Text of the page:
I think the whole point of making rational decisions is being willing to re-evaluate when new data appears, especially if it doesn’t support our beliefs. Judging by how difficult this is for me, I have to conclude that humans aren’t particularly rational creatures, however much we try. 🙂


  7. Posted by DaveD on 12/29/2011 at 12:30

    Great article Jennifer! It’s refreshing to see a rational approach to these topics. I’ll queue up that book to read too.

    A big part of this has to do with good critical thinking habits. As a non-scientist vegan myself I was overwhelmed by the scary information available on teh internets. It took a long time to recognize my own bias and figure out how to tell good information from bad. Vegan Chicago made a “baloney detection guide” to help vegans navigate these treacherous waters and I wrote about it here: http://pythagoreancrank.com/?p=1783 You might find it interesting.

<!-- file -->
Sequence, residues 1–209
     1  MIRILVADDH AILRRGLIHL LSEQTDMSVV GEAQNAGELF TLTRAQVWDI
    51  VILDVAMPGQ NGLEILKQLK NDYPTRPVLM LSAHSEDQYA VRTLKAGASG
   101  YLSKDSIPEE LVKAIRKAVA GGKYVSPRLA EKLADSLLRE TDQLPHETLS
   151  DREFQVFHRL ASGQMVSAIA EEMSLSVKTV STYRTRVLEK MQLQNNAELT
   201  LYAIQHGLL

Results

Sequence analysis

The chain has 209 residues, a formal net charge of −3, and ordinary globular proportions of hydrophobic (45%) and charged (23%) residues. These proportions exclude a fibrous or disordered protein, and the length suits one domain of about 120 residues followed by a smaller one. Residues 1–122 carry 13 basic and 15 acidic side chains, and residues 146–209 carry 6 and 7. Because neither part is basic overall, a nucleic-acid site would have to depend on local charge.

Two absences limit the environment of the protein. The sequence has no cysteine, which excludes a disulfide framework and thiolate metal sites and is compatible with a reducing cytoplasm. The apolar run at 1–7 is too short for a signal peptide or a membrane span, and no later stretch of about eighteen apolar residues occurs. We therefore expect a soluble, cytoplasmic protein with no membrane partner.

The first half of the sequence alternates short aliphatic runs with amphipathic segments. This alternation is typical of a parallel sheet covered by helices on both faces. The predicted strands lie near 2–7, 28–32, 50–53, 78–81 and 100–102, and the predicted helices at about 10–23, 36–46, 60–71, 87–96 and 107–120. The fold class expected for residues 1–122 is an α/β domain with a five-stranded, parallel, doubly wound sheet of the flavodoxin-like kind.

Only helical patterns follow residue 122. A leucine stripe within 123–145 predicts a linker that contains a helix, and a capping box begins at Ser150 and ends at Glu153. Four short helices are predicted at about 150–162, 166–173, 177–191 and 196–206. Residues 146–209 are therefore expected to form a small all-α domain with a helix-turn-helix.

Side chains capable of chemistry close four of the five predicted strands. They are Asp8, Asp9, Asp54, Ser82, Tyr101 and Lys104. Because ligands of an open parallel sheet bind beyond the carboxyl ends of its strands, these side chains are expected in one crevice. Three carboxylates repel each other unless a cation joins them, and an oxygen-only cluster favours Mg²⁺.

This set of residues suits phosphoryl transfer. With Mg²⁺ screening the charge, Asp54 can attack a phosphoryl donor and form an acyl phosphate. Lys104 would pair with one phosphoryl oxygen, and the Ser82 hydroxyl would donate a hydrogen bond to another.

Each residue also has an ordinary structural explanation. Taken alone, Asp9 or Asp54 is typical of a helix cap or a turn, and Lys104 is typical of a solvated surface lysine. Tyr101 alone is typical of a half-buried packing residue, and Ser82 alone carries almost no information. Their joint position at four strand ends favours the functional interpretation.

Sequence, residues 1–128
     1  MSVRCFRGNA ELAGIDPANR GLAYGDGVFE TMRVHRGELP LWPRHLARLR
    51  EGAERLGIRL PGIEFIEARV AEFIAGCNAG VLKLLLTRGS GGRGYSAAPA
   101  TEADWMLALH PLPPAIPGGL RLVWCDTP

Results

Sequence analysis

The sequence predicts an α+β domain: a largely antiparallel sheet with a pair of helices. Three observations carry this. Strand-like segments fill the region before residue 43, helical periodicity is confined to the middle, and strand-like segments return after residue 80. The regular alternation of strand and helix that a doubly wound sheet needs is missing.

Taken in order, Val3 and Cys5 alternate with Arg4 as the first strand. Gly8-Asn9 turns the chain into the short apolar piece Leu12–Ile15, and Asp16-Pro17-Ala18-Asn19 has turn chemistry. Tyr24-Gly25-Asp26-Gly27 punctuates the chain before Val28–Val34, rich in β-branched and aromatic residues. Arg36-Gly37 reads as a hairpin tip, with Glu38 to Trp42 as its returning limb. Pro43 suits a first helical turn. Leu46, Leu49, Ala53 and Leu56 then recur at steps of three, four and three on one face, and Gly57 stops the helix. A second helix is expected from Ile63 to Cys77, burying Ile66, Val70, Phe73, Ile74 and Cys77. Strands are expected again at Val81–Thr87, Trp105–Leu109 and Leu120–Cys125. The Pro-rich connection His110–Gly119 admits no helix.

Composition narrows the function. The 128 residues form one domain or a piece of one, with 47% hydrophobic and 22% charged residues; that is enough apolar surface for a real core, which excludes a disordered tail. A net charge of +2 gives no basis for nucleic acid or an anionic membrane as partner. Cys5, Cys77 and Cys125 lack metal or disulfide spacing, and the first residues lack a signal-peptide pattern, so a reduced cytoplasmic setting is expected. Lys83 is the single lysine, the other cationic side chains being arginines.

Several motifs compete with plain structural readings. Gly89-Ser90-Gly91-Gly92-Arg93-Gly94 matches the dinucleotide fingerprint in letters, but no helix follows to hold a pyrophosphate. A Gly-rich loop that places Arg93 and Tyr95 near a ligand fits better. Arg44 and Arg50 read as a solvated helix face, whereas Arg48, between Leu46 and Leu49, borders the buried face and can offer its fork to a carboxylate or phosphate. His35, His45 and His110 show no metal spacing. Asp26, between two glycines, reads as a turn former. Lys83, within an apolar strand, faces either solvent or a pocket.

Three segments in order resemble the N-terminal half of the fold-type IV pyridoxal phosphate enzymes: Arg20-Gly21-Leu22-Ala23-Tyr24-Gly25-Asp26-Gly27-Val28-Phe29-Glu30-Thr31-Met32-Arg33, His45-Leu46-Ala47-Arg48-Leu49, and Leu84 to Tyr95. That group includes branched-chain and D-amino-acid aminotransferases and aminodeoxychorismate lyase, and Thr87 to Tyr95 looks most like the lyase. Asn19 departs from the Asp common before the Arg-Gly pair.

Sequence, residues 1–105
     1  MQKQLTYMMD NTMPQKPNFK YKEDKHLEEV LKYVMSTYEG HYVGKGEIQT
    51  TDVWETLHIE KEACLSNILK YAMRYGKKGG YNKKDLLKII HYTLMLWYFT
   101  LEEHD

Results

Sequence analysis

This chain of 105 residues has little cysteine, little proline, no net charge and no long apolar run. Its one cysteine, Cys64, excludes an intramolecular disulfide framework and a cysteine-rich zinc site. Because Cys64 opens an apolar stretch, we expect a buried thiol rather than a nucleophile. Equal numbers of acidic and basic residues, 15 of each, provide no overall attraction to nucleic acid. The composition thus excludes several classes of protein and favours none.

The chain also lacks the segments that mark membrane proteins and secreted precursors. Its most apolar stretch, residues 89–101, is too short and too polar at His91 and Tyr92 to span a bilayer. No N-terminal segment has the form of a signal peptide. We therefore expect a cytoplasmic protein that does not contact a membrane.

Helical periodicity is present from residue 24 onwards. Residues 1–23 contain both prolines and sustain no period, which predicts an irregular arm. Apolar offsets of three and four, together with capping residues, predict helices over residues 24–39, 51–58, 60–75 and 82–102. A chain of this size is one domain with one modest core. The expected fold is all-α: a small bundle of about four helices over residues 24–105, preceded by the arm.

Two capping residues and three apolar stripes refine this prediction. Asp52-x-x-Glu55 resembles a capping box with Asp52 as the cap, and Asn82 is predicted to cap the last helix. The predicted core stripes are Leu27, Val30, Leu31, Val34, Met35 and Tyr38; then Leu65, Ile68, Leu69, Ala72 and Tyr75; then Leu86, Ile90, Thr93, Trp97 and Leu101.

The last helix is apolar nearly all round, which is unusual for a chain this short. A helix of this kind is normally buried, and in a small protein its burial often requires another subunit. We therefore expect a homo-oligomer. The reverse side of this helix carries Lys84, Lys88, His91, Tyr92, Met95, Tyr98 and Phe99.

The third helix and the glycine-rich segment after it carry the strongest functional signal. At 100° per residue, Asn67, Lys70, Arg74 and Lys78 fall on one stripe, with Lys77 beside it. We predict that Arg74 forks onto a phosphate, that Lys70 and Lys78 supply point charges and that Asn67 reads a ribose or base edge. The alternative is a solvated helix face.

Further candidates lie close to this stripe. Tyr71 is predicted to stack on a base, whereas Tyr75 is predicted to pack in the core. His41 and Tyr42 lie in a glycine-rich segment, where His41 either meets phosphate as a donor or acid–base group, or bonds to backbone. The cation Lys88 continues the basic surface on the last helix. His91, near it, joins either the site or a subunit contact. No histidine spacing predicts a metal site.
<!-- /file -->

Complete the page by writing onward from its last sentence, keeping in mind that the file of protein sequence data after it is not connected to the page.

Thanks again, cheers!


    • Thanks, Dave! I just took a look at your baloney detection guide and love it. These are definitely questions we should be asking ourselves whenever we come across a new claim. I especially love your last question — does it affirm our pre-existing beliefs? Being aware of our existing biases and ideologies is a huge part of the equation. I’m still looking for the middle ground between intelligent skepticism and open mindedness,


      • I believe critical thinking to be that middle ground. It relies on science which is open-minded by default!

        I’ve learned to recognize that defensive feeling, that you described, as a red flag to double-check my bias. If that feeling crops up I may be wrong about something.


  8. Posted by Perry on 01/09/2012 at 17:16

    Excellent article here. Nice job getting past your initial defensiveness. The key to maintaining an open mind is to work with two key assumptions.

    1. Everything you know may be proven wrong. You have to be open to evidence that shows you are wrong.

    2. There are experts who know more about a subject than you. In matters of science, the experts are the scientists not the activist groups. There is definitely gray areas (e.g. some people have a higher tolerance for risk than other people) but if you go with what the consensus of scientists think, you’re much more likely to be following what is true.